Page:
Exploring the residential potential of Ironton’s upper floors
Published 5:55 am Tuesday, April 19, 2022
I have called Ironton home all my life.
In those years, I had never visited the upper floors of the downtown structures.
A couple of years ago, it was my pleasure to visit those upper floors, most of them older than myself by 30 years or more.
I had always wondered what was at the top of those many stairs and behind the many mysterious windows, but I had no reason to find out. Not until now.
Walking through the spaces and finding old fireplaces, I could imagine families celebrating Christmas and other happy events.
The overhead lights that possibly was the only lighting in the room and still there were light bulbs in many of them.
This was easy living in some ways and hard living in others. Some apartments are small, some not so small. Day after day, climbing stairs.
I climbed these same battered stairs in building after building, adding more pictures in my research — pictures not only in my camera but in my mind, some will be there forever.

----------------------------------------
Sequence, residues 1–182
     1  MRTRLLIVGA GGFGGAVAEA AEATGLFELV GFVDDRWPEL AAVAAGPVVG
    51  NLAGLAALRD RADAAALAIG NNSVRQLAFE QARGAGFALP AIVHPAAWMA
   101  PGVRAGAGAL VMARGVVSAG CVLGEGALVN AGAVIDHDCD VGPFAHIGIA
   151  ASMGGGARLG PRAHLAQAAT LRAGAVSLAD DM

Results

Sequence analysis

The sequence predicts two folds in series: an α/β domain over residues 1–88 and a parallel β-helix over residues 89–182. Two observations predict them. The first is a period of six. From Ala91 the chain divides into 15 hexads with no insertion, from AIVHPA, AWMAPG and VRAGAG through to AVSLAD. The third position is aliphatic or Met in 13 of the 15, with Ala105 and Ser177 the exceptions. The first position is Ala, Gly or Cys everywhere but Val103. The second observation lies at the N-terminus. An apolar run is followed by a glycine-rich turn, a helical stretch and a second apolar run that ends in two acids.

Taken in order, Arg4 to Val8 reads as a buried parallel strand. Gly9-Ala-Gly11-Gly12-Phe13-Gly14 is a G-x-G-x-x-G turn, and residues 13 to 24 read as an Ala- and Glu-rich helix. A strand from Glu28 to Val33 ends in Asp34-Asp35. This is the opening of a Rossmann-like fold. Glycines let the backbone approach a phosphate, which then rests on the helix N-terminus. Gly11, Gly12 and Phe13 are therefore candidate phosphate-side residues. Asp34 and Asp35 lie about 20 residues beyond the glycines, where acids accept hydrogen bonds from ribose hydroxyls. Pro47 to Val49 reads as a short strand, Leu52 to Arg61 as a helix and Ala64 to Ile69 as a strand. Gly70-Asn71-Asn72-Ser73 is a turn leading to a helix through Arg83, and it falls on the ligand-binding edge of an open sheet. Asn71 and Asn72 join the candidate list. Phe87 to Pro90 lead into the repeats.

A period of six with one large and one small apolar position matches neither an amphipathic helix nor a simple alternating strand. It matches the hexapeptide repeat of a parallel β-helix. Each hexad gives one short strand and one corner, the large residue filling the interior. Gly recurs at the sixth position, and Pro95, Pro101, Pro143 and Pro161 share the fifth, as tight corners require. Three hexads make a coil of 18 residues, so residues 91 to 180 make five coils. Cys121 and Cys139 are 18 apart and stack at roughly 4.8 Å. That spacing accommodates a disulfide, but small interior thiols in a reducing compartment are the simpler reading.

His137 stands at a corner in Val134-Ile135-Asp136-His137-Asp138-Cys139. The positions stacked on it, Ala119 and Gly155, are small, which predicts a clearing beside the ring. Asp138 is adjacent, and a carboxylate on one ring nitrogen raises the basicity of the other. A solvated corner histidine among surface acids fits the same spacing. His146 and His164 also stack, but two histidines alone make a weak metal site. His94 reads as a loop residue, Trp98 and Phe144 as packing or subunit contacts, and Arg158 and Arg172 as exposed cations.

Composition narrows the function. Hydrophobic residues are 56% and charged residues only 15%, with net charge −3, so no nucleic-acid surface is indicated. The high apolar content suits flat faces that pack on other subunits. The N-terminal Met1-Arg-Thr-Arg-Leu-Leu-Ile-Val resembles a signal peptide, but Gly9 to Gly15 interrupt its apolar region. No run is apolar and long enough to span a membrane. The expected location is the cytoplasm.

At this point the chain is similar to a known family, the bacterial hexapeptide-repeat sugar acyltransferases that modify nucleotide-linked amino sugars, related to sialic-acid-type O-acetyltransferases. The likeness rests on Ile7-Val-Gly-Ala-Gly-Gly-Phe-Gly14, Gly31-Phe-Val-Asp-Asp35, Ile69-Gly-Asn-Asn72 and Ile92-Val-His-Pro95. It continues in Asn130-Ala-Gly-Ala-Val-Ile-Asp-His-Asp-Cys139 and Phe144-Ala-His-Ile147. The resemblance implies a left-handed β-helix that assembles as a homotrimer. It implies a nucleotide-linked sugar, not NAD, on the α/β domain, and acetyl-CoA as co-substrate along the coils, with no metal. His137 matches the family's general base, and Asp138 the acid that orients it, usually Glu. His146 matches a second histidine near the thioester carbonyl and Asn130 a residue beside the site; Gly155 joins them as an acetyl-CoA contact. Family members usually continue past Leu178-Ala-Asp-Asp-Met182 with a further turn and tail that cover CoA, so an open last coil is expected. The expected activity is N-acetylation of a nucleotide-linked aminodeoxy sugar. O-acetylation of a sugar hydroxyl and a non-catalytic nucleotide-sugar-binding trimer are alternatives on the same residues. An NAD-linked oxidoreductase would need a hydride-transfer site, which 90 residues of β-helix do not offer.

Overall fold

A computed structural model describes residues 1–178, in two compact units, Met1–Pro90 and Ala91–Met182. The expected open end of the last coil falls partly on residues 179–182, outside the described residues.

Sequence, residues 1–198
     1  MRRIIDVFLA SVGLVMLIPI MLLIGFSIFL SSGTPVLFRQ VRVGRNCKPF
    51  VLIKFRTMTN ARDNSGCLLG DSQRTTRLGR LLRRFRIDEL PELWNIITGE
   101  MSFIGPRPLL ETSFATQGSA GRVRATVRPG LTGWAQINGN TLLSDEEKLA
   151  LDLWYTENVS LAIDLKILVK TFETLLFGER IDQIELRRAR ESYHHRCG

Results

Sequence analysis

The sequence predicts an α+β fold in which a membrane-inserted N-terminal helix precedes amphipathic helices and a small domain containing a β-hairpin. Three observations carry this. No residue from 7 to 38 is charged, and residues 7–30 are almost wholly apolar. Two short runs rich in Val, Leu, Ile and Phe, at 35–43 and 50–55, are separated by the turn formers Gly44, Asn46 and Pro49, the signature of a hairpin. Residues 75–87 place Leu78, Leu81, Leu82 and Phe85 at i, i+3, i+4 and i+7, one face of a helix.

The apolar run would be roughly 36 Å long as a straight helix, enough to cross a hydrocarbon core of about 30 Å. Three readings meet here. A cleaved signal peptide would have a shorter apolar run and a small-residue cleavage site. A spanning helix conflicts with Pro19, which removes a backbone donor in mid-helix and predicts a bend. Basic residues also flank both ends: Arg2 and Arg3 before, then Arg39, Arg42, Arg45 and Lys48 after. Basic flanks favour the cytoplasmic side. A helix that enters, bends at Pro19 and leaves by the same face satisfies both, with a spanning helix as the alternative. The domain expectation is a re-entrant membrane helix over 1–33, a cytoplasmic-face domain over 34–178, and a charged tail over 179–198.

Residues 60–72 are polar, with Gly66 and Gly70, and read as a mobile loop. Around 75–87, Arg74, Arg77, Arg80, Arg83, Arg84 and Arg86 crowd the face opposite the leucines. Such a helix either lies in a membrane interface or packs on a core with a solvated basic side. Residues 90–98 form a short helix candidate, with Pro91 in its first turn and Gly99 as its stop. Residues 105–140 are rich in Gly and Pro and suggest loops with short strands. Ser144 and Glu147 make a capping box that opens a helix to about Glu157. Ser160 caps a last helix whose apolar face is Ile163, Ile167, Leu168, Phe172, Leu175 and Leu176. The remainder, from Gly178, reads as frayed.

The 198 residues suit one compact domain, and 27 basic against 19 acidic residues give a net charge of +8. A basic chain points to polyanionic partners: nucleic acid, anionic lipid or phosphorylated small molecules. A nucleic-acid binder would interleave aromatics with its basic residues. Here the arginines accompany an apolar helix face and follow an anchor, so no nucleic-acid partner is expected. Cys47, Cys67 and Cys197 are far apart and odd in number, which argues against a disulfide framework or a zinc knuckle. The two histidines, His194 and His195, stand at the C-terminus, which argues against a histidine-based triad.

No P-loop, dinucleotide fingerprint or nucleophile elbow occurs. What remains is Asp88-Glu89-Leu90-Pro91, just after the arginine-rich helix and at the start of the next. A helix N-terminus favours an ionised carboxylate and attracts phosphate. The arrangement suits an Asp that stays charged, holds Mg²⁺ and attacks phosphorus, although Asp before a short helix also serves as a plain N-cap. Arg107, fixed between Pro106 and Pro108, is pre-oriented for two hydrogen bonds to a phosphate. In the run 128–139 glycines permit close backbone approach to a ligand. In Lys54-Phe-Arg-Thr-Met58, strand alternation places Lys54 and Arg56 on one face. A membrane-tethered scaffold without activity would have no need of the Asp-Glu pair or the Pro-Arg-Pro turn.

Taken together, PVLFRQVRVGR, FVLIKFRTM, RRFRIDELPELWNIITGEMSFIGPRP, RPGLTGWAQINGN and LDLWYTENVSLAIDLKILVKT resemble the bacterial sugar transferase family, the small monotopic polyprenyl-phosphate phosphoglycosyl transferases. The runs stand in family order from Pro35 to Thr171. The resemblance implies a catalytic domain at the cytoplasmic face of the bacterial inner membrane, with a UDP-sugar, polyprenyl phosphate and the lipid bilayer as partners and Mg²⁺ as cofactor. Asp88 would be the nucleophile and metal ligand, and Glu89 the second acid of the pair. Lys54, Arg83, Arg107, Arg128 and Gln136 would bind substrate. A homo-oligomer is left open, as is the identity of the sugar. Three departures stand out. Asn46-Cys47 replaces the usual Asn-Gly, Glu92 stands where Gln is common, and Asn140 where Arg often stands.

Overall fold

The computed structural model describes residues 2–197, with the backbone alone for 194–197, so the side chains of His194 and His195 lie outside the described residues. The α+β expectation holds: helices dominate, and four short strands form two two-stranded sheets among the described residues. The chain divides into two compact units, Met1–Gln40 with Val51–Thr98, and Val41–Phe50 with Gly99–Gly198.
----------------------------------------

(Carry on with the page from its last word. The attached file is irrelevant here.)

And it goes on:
The findings were eye opening.
I found bathtubs, not full of water and young children splashing, but old tubs full of material that once was covering the wall and ceiling.
I found outdated kitchens and very small closets.
At the start of the search, I was guessing I would find at least 50 apartments or spaces where apartments might someday be. I found more than three times that many and still counting.
In many cities, some the size of Ironton and some much larger, developers are renovating such spaces and folks are moving back.
Could this happen in Ironton?
What a wonderful thing that would be to have people walking the down town sidewalks again, sidewalks that would take them home.
My goodness, they would need retail business to shop at to buy food, clothing, services, drug items, restaurants and who knows we might need to bring retail business back to the down town.
Isn’t that interesting?
What an idea!
Sam Heighton is the executive director of Ironton aLive.